I nearly titled this post “my tricked out bathroom.”  That’s how I feel about ours. I can take no credit for this first part other than that I discovered a use for it. We rent right now and our landlord hung a mirror on the outside of our bathroom door.

I thought that was an odd placement. Most people hang them on the inside.  But the genius of this placement is when you open the door and angle it right with the medicine cabinet mirror you now can see the back of your head!  It’s like being spun around in the stylist’s chair. 

Now I can curl or flat iron my hair and check the back so I miss nothing. It’s great for braiding too!  I’m a little tied to this now. It’s hard to fix my hair 2 dimensionally when we travel.

The problem came along when I had kids. If I open the bathroom door, they are immediately in there, going through drawers, pulling out toilet paper, etc.

I was fixing my hair with the door closed, and I thought what I needed was one of those doors like we always had at the church nursery where the top opens and the bottom stays shut. (Just looked it up… It’s called a Dutch door.)  

I’m thinking this would solve my problem and I could get my magic mirror back and keep an eye on my kids too. Then I thought, “It’d be like when I cook and put the gate up.”

Lightbulb moment. 

“I could use the child gate!”

Ours is too small for the doorway, but it works if you wedge it between the bathroom and bedroom door frames. Genius!  Now I have my tricked out bathroom and can fix my hair and makeup (when that happens) without having to wonder what’s happening on the other side of the door.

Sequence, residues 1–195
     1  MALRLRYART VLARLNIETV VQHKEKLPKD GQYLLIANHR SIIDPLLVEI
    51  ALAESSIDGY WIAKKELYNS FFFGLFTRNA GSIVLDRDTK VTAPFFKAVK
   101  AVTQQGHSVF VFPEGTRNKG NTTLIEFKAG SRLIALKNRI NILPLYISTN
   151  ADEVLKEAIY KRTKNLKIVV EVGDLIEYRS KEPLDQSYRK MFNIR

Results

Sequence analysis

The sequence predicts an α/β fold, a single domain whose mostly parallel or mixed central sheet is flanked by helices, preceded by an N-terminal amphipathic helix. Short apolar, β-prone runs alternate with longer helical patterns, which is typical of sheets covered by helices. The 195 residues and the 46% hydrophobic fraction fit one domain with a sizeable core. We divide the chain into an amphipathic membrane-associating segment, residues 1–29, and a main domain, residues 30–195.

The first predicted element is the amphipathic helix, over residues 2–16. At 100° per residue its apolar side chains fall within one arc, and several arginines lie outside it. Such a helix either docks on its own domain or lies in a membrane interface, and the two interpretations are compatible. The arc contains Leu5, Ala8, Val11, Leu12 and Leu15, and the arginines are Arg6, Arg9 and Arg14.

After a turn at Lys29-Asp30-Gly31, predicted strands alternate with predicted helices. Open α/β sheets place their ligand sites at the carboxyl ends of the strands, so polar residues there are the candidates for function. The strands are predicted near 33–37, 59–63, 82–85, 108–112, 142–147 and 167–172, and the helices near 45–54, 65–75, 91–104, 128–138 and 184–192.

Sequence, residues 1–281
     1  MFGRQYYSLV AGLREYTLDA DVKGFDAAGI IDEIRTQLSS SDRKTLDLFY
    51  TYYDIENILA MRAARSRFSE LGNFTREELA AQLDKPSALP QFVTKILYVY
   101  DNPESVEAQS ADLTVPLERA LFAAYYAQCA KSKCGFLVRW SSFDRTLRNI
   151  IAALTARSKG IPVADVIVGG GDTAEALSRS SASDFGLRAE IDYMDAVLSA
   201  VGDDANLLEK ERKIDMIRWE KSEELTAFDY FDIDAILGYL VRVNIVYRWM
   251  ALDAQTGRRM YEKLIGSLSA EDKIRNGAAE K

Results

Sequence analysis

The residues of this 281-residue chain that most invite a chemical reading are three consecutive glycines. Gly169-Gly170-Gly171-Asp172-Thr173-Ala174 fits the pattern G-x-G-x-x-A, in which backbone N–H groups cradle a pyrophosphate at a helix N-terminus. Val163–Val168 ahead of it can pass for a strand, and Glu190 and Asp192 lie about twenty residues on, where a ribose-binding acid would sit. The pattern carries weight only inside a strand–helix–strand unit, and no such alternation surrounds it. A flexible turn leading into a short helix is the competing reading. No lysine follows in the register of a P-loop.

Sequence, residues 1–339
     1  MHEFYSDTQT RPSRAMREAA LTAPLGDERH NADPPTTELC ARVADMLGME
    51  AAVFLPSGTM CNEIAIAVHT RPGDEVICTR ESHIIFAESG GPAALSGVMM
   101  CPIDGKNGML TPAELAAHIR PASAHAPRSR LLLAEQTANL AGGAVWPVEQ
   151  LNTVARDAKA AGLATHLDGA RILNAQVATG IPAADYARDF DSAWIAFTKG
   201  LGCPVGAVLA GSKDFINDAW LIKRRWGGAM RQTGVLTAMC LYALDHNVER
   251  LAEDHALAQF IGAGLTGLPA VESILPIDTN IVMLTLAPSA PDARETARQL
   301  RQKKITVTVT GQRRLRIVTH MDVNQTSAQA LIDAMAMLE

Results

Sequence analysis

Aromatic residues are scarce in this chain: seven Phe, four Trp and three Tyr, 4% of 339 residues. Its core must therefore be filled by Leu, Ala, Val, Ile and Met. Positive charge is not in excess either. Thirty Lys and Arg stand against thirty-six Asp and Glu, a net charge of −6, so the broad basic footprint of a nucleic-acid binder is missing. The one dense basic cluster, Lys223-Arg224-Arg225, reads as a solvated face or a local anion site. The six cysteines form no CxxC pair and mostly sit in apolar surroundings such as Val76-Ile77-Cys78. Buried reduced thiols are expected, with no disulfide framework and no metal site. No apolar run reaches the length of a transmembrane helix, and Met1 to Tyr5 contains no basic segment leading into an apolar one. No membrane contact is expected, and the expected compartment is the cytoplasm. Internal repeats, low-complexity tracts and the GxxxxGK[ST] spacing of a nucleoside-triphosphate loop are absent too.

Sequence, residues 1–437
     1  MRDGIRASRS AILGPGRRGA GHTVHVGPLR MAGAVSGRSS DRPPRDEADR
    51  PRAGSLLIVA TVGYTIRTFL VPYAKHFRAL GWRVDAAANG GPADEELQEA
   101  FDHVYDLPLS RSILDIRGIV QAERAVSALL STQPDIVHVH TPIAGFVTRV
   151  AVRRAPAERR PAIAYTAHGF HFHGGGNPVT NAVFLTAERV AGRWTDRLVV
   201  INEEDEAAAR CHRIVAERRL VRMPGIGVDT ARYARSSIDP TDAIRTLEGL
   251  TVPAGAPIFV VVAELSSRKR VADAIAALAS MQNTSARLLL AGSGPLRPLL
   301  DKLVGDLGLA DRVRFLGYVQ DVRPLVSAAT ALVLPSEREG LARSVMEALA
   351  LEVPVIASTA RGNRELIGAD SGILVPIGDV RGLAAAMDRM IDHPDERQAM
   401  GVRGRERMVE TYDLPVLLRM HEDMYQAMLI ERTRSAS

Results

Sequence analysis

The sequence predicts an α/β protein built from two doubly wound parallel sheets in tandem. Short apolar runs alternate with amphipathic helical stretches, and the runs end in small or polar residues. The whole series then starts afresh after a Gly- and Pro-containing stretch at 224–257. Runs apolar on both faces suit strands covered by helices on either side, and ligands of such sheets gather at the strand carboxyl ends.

What about  you?  How do you solve your “back of head” and “kids in my space” issues?

D-I-Y (the y is optional)

Do you have someone in your life who can build things?  I feel for these people because we always ask them favors.  It’s like your friend with a truck or the friend who cuts hair. 

My dad is that guy. The kind that builds things. I have a Pinterest board in his name where I put both things I think he’ll like and projects he could do for me!

I saw this cool holder for stuffed animals, and while I need one of those too I was in more need for one like it for balls. Before, I would attempt to gather the balls in bins or laundry baskets, but I ended up putting them in a corner and bracing them with our arm chair.

Dad and Mom were up for a visit two years ago and I asked him to build a solution. 

This is a favorite of mine. It’s 4 ft tall and built from 6 1x4s, I think.  I helped pick out the materials, but I was very pregnant at the time and couldn’t help more than that. 

For the bands we cut strips of plastic clothesline.  You need two people to tie them as tight as they need to be. 

For now this ball holder is in our living room, but as the kids get older and change to mostly outside balls, it will get moved to the garage probably. 

How about you?  Where do you store things you use often but for shape or size reasons hate to be stored?

Both kids also like emptying the bin and putting themselves in jail. 

In Case Your Maytag Breaks…